Light breaks where no sun shines; Where no sea runs, the waters of the heart Push in their tides; And, broken ghosts with glow-worms in their heads, The things of light File through the flesh where no flesh decks the bones.
A candle in the thighs Warms youth and seed and burns the seeds of age; Where no seed stirs, The fruit of man unwrinkles in the stars, Bright as a fig; Where no wax is, the candle shows its hairs.
Dawn breaks behind the eyes; From poles of skull and toe the windy blood Slides like a sea; Nor fenced, nor staked, the gushers of the sky Spout to the rod Divining in a smile the oil of tears.
Night in the sockets rounds, Like some pitch moon, the limit of the globes; Day lights the bone; Where no cold is, the skinning gales unpin The winter’s robes; The film of spring is hanging from the lids.
Light breaks on secret lots, On tips of thought where thoughts smell in the rain; When logics dies, The secret of the soil grows through the eye, And blood jumps in the sun; Above the waste allotments the dawn halts.
Light? What is gentle and beautiful about light? Light is a harsh thing, the kind of thing that sent Dylan Thomas off on long rants. When you have to deal with harsh tropical light all the time, you envy photographers in parts of the world where the sun slants down and filters through a thick layer of air to drip its soft light on things. They can keep their fatuous sunbeams. We know what sunlight is: a killer.
Midwinter’s light in Thailand (the featured photo) is so harsh that it has to be filtered through leaves to yield a photo with shadows. Compare that to the similar photo from the Camargue in the south of France. The contrast is less harsh as you go away from the equator. The mangoes and jasmine buds photographed yesterday in my balcony have to compensate for harsher light than the gentle summer light of Europe.
Google’s scan is not a perfect app, but it gives you a reason to dig deeper into the archives to jog very old memories. These are thirty years old. I looked at the featured photo and remembered opening my bedroom window on a cold and sunny winter morning, marveling at this view, and then taking up my new camera to record Mont Blanc and the Saleve. I saw the peak clear very seldom, and I never had my camera at hand when I did. The scan app has introduced some glare into the bottom of the picture, and lost part of the definition that the print has. But it captures the clear blue of the sky, and the sun on crisp mornings which make you want to go out for a walk in the mountains.
One weekend that winter I drove out to Zermatt. I stopped the car and took this photo just before the road descends into the valley. It was not yet peak season, and I could just pull into a nice looking hotel and get a room. I had never been in snow like this before, and I decided that I would learn to ski. Over the weekend I got the hang of how to walk uphill with skis on. I realized early on that downhill was not for me. But learning this one technique was useful for the next two years, as I spent my free time in the Jura getting to like cross country skiing.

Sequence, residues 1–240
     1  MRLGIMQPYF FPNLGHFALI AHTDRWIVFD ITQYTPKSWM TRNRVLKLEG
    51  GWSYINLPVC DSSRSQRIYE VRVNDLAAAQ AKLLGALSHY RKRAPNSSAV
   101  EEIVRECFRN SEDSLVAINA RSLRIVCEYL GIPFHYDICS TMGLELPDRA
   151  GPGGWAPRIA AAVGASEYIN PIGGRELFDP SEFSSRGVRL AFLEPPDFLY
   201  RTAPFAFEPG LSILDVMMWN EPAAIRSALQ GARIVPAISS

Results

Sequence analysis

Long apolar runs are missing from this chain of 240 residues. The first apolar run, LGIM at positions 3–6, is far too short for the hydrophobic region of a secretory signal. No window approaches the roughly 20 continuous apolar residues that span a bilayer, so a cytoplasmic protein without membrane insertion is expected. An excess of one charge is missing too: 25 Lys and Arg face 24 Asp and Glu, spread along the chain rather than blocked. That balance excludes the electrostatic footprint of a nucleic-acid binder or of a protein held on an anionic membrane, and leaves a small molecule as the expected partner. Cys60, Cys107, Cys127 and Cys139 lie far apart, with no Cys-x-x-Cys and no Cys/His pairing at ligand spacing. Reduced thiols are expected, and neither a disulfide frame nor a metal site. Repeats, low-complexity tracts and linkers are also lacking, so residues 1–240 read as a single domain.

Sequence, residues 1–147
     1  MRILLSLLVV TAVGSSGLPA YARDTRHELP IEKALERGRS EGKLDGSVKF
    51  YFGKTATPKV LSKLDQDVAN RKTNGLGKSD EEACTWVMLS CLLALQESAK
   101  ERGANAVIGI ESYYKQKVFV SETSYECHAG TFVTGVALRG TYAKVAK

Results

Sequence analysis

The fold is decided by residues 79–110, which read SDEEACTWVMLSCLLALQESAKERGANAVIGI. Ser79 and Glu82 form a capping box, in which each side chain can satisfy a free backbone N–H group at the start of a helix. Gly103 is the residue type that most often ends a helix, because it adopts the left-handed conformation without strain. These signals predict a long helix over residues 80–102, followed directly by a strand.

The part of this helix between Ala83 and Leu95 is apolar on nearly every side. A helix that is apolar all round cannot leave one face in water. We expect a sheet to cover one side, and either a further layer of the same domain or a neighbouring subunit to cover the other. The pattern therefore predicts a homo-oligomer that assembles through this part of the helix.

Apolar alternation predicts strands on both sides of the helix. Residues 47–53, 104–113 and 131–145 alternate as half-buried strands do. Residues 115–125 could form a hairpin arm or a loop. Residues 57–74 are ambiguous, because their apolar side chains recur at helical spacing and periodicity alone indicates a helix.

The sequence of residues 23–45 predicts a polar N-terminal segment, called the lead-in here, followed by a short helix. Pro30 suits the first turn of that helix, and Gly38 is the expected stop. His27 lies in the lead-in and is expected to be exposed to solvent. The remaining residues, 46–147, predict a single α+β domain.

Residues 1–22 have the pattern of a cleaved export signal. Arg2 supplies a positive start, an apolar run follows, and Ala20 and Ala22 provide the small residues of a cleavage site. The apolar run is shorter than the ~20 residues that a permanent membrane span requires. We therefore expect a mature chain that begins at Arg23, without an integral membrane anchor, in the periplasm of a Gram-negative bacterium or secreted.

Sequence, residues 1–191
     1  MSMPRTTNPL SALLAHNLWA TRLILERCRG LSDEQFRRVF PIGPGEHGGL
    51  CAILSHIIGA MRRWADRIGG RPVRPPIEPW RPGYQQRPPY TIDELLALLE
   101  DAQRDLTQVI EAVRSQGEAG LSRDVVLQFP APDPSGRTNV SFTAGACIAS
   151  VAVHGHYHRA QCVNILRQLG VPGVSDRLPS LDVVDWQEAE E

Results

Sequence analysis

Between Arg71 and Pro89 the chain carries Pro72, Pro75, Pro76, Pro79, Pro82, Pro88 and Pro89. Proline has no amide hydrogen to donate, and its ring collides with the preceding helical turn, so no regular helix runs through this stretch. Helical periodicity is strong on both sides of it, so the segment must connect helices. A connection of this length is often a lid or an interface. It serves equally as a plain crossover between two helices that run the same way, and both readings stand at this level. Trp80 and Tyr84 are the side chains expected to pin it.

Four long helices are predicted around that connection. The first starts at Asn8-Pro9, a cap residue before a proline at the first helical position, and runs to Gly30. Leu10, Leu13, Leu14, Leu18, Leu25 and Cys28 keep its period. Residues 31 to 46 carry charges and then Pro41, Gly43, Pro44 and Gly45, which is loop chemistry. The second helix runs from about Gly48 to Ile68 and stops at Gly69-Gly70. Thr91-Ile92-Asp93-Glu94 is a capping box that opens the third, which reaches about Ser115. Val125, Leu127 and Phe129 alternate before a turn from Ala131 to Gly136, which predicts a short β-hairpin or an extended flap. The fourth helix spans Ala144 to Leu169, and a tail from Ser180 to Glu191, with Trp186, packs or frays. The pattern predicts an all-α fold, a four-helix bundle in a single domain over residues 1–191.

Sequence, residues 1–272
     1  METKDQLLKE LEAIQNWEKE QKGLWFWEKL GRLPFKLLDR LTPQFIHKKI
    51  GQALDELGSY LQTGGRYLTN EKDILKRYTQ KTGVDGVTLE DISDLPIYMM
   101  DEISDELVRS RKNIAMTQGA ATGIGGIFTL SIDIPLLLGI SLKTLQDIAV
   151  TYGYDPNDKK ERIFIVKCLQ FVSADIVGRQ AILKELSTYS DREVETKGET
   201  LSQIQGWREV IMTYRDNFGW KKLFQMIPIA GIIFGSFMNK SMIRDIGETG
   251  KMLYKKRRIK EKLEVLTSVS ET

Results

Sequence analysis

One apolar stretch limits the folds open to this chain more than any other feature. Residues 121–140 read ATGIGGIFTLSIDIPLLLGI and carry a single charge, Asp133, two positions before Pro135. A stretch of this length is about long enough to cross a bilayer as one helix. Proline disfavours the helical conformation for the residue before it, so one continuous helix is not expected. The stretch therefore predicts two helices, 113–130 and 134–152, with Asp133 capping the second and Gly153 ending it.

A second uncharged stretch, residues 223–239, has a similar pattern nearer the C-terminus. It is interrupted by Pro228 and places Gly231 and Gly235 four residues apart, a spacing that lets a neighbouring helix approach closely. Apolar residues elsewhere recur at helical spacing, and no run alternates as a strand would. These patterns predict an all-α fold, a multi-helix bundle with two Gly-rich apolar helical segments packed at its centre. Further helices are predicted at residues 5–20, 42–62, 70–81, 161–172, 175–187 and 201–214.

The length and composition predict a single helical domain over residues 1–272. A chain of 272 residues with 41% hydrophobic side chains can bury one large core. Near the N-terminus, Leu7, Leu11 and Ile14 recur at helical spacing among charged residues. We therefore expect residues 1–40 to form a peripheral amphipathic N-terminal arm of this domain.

I remember doing a lot more in Geneva than my photos capture. I guess before phones one just didn’t take so many photos. The gnarly pine in silhouette above was taken at a little park called Promenade du Pin, which I would pass whenever I walked from the lake up to the cozy bars and restaurants at Place Bourg-de-Four. We would often stop to admire and laugh at the outrageously priced cigars on display at the window of a tobacconist on this route. I never thought to take a photo of the display. I would do it without thinking now.
Let me end with a picture of this gardening shed in the fields outside Meyrin. I remained amazed by how abruptly the city ended and gave way to farmland. In early spring I saw a tractor churning up the mud in fields like this, and in late summer there might be corn ripening in the sun. But I liked the bleak winter landscape with the locked shed, and snow covering the churned up mud.
This extremely important, but not the most famous, Swiss school is tucked away in a basement on an obscure lane in the Hoengg area of Zurich. You almost need to be a Privatdetektive to find this obscure door.
Berne’s university looks down at the switching yard to the town’s main railway station. I saw this grungy looking pattern of horizontal and vertical lines as I peered over a railing and took a photo with my phone. The lens seems to have a minor colour aberration: you can see that the center of the photo is a little biased to red.
With a camera I pause and think about what I take, and often miss what I wanted. With a phone I just click anything: mundane or not.